After proving the cure's authenticity, Dr. Galen informs the press that he will treat the poor immediately but will only treat the rich if the Marshall, who is about to declare war on a neighbouring country, signs a peace treaty. Naturally, the Marshal refuses to accept the conditions and sends his men to bring the good doctor to him
Although obviously an anti-war film (released just a couple of years before WWII), the characters are not simply black and white. Dr. Galen, who is a pacifist, actually stands by and lets people die to stand by his threat. The Marshal on the other hand, doesn't act as ruthless as you may expect - for instance he never threatens to torture Galen to obtain the cure and actually does eventually release him. Both characters are given interesting, believable background stories and justifications for their very different outlooks on life.
An intelligent film which is charmingly naive in many respects, simply for asking for normality in a mad world.
The Avenging Hand (1936)
American-style whodunit - made in England!
Don't let the misleading title fool you into thinking this is a horror movie or even in an old-dark-house mystery - it's actually a rather light-hearted whodunnit in a hotel. On New Year's Eve, a guest who has recently come into money is murdered (initially diagnosed as suicide) and a vacationing American gangster (Noah Beery) turns detective to solve the case.
The murder comes well over the halfway mark but there's plenty of interesting characters and American-style fast-talk humour to keep you entertained before then. Surprisingly pacey for a 1930s British film and quite entertaining, even if it's far from ground-breaking. It's available for download for free at the Internet Movie Archive.
Gibel sensatsii (1935)
Power to the Robots!
Jim Ripl (Sergei Vecheslov, who looks like Conrad Veidt), an engineer at a military industrial establishment, is accused by his fellow workers of being a traitor after he invents a child-sized robot capable of fulfilling almost any task. Although Ripl sees the creation as being beneficial to the worker, the workers themselves fear that robots will make their very existence redundant and destroy the little bot.
Six months later, Ripl is on the other side, unveiling an army of eight- foot high robots to the capitalist leaders of the establishment. Ripl still hopes to win his former colleagues over with his creations, but the leaders have different ideas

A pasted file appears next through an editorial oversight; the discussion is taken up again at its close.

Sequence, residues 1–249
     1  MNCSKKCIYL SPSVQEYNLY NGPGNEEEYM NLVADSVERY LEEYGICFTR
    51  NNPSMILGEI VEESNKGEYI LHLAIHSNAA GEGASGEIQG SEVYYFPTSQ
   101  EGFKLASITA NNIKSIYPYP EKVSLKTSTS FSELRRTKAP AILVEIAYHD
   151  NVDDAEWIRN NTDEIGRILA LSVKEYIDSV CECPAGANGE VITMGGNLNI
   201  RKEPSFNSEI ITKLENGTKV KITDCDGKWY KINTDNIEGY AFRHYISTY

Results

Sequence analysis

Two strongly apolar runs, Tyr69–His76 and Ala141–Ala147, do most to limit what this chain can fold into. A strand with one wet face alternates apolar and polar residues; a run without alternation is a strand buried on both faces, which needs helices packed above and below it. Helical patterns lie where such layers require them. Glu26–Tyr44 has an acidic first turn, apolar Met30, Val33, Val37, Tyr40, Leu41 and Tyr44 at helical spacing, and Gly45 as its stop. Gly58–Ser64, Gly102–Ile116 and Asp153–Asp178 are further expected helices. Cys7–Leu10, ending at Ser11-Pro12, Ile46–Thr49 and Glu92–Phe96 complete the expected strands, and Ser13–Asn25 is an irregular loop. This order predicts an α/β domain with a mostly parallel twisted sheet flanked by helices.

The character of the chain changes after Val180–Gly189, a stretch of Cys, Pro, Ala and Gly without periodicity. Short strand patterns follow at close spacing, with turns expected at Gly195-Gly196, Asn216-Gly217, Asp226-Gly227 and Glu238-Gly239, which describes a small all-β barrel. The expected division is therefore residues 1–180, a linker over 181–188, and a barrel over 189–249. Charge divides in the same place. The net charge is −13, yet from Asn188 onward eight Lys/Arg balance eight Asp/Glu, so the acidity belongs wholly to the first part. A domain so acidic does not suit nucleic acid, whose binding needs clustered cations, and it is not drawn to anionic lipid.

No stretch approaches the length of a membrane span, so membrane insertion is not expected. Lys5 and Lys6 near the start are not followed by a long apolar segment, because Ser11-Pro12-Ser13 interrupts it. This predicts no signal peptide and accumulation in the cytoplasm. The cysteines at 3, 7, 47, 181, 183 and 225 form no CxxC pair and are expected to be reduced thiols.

This is a typically political Soviet sci-fi in which the invention of the robot is seen as taking the very purpose of the working classes away. It's surprising that, in an era in which the automation was still a work of fiction, there were such serious fears concerning the repercussions of replacing men with robots in the work place.
Naturally, this being the Communist Soviet Union, the whole thing is seen from the worker's perspective, with leadership figures seen as brutal and callous. From the very first shot, we see images of the working class sleeping in the streets and queuing at homeless shelters – and this is before the robots put them out of work!
This is a very bizarre film, and at time pretty amateurish. The robots don't look as bad as some of those in serials from around the same time, and the acting is adequate, but the direction is slack and cinematography is quite raw.
At least twice, the political ponderings are broken by musical numbers in a night club! And on the subject of music, Ripl uses a unique method of remote control for the robots here: a whistle and a saxophone! Fans of action though will be glad to know it's not all just class war dialogue, as the robots go crazy during the climax, killing and crushing anyone who gets in their way.
While this isn't exactly a forgotten classic, it's pretty unique and a worthy novelty for its historical, political and technical standing. Just don't expect it to come out on DVD any time soon!
La maldición de Nostradamus (1961)
A little tale of the prophetic murderous vampiring son of Nostradamus
A Mexican serial, 'La maldición de Nostradamus', was shown in cinemas in 12 25-minute episodes during 1959-60. Never one to miss an opportunity in exporting cheap, badly-dubbed Mexican fare to US shores, producer K. Gordon Murray - he of 'Santa Claus' (1959) fame – edited the series into four separate movies in order to fleece four separate audiences.
The films became 'Curse of Nostradamus', 'Monsters Demolisher' (sic), 'Genii of Darkness' and 'Blood of Nostradamus'. As so much of the first film is plot establishment, it's difficult watching the sequels without seeing this first entry.
The son of Nostradamus (Germán Robles) is a vampire who wants to clear the reputation of his esteem father. In case you're unaware, one thing that history tells us about Nostradamus is that he was a hated villain. Well, according to this film anyway.
In order to clear daddy's rep, junior attempts to get the head of The Society to Abolish Superstitions (!!!), Prof. Duran (Domingo Soler) to publicly restore Nostradamus' good-standing, and while he's at it, to admit that vampires do exist.
Naturally, this doesn't go now with a man who spends his days trying to discredit fear of the unproven, so he refuses. Nostradamus Jr. then promises to commit various murders and crimes until the Professor yields. The Prof instead sets out, with good friend Julio Alemán to bring the vampire and his hunchback servant down.
Not only is Junior a bloodsucker, he has also inherited his father's gift, meaning his vengeful prophecies often include elements that haven't happen yet. An amusing example of this is the predicted death of a police office, before he becomes a police officer. I say amusing, because one day the guy is unemployed, the next, he is a police officer on a covert operation! Yessss.